Chambers and Charnes (1961) set the stage for the development of computerized models of balance-sheet management. Their development of a linear-programming (LP) model is based on maximization of a profit function subject to certain constraints. It is assumed that the levels of future demand and time deposits, rates of interest, and the bank’s net worth are known with certainty. The bank is faced with determining the optimal mix of specified assets-cash, government securities of various maturities, and other securities and loans which will maximize profit over five planning periods. The Chambers- Charnes model specifies two constraints. The first constraint insures that reserve requirements are met while the second focuses upon Federal Reserve examiners’ measures of capital adequacy and liquidity. Although the model of Chambers and Charnes appears simplistic by today’s standards, it is regarded as breaking the ground for future computerized optimization models. However, since the model considers only a single objective function, a small number of assets, and only five planning periods, it is limited in application.
Cohen and Hammer (1972) seek to further the practical use of linear- programming techniques in bank funds management. Their study discusses the development of an LP model and its use in a New York City bank for asset management. In contrast to the Chambers and Charnes profit-maximization objective, the Cohen and Hammer model seeks to maximize the present value of net income. Their model also considers a wider range of constraints. Specifically, it incorporates constraints to account for risk, availability of funds, policy considerations, and market conditions. Input requirements are management forecasts of future interest rates, future loan demand, future deposit levels, and future levels of other exogenous variables. Uncertainty in these variables is not considered. This framework represents an improvement over Chambers and Charnes in two ways. First, a wider range of constraints is considered and second, the model was put into actual use.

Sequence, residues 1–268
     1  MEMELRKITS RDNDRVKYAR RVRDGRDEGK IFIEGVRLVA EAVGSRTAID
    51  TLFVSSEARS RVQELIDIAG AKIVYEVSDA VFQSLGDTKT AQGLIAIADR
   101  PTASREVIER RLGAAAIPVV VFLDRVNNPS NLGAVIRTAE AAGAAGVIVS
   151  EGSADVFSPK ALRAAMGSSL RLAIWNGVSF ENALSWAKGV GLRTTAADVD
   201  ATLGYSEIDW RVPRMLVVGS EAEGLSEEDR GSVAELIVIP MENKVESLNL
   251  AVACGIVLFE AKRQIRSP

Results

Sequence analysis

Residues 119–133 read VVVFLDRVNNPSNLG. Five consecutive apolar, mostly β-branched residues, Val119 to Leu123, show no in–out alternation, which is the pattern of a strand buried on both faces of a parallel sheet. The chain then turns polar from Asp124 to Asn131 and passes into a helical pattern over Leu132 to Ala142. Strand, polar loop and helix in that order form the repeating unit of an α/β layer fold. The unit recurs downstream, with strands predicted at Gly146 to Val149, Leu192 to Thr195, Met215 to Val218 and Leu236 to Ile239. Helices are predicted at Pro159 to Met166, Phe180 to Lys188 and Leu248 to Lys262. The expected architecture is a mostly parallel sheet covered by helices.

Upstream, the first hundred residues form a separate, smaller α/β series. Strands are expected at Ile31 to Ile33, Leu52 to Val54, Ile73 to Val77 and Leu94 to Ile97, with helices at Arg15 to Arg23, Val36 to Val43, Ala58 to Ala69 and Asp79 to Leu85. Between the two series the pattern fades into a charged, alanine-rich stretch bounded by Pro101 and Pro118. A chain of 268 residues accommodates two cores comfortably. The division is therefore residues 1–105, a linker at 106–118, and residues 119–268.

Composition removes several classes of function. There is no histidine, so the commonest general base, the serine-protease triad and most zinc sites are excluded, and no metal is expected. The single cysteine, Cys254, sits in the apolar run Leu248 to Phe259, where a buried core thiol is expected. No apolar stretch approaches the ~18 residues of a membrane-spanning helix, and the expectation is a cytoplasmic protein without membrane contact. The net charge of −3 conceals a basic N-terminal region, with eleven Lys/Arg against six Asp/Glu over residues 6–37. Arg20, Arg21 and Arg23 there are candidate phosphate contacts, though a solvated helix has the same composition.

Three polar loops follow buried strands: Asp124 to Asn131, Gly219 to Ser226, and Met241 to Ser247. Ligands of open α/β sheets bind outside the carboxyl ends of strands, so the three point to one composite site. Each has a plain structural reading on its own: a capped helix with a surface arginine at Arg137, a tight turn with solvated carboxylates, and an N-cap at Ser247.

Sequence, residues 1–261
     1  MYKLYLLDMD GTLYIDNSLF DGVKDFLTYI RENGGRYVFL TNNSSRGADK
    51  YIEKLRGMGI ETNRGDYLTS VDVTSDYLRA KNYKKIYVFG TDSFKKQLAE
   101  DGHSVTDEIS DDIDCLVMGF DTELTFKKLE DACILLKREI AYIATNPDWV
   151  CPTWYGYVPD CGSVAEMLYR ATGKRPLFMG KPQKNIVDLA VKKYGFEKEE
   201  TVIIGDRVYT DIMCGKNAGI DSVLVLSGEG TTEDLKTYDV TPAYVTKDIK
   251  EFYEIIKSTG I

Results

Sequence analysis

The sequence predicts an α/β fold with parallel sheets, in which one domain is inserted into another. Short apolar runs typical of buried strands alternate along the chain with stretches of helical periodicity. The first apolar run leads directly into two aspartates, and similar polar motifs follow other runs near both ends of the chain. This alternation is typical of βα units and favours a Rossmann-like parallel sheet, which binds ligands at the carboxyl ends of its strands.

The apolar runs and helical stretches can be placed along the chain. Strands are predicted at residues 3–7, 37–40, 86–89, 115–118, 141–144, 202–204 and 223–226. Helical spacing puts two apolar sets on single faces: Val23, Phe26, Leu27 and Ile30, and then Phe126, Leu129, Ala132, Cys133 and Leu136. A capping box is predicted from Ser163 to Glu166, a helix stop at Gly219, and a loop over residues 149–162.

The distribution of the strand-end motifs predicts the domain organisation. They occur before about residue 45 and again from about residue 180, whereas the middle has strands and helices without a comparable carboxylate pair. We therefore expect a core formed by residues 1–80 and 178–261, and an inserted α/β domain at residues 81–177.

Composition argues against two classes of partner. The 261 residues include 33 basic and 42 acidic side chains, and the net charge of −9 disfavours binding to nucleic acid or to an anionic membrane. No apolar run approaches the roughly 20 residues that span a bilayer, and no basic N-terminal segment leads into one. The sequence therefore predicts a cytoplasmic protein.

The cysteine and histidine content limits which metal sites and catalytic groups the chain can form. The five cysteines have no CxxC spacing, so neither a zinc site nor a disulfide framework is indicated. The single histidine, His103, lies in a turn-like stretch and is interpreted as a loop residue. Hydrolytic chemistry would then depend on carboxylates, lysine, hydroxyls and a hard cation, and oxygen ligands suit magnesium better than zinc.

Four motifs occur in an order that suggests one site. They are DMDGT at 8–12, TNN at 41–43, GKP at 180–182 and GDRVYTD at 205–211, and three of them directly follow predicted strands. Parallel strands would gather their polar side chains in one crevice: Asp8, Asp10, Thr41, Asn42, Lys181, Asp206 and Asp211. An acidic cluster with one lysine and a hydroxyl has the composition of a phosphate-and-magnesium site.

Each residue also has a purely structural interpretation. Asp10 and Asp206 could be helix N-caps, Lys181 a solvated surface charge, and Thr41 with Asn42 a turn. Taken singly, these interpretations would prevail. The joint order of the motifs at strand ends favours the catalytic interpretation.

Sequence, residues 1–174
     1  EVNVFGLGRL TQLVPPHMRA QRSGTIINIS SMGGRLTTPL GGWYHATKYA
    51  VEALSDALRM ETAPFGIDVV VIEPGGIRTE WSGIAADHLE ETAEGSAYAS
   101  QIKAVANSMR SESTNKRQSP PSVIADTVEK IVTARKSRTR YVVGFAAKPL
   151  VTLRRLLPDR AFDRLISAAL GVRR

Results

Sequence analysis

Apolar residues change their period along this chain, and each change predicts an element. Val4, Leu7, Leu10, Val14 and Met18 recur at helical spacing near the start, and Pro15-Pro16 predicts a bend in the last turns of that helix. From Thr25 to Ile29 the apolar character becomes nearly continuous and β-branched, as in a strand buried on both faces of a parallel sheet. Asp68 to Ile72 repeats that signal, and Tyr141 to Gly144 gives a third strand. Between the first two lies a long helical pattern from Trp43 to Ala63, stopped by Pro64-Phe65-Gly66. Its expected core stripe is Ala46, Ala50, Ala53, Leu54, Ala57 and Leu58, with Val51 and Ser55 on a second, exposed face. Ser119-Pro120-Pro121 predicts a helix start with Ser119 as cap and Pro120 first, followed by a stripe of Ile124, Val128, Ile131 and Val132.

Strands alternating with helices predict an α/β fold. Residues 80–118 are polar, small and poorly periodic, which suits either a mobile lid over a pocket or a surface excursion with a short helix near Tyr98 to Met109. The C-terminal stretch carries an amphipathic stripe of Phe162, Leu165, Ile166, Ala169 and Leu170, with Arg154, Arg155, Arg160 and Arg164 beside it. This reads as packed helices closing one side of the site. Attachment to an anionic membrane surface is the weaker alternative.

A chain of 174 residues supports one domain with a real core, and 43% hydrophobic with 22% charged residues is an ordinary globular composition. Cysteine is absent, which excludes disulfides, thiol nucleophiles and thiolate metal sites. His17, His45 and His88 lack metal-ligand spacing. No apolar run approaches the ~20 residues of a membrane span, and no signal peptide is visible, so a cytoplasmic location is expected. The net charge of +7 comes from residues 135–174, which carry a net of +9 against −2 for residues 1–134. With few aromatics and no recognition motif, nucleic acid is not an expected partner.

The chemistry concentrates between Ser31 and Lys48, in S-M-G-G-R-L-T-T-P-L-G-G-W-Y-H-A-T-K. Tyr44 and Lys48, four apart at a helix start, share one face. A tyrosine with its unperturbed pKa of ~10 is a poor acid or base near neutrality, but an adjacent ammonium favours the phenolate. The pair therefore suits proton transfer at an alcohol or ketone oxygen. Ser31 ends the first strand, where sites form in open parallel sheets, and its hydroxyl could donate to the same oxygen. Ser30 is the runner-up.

While the l960s and early l970s saw many studies involving variations of the LP method, drawbacks to the approach remain.
Mckinnev (1977) points out some of the pitfalls in using mathematical- programming models for financial planning. First, LP requires the identification of an objective function to be maximized- while this would appear to be simple, a bank often has multiple objectives. Second, the technique requires the explicit specification of constraints. Some inter-temporal models do not consider the fact that constraints may change over time. Also, some constraints are difficult to state in precise terms. Often, there are qualitative values to be incorporated into the model. Even overcoming these problems, it is often difficult for bank management to translate the information from the model into practice. In addition, McKinney contends that since the risk-return trade off is not considered, a bank may actually prefer a lower risk-lower return position while an LP solution will give a single optimal position in terms of maximizing the objective function. McKinney concludes by recognizing the value of mathematical models, but warning that care must be taken in their application.
Fortson and Dince (1977), recognizing the need to incorporate multiple objectives, present a model which explicitly accommodates multiple goals. Goal programming (GP) is a mathematical-programming method which considers multiple and even conflicting goals in arriving at an optimal specification for a set of choice variables. Specifically, the approach requires the specification of management desires (goals) and environmental conditions (constraints). Penalties are attached to deviations from the stated goals with the objective function being minimization of total penalties. Fortson and Dince consider a four-quarter planning horizon in the application of the model to a north Georgia bank. While the results confirm the viability of the model to balance-sheet planning, discrepancies are apparent. These were attributed to forecast errors pointing out the need to consider different planning horizons. The authors conclude that the model is workable and suggest that use of the model for simulation will allow management to consider various outcomes.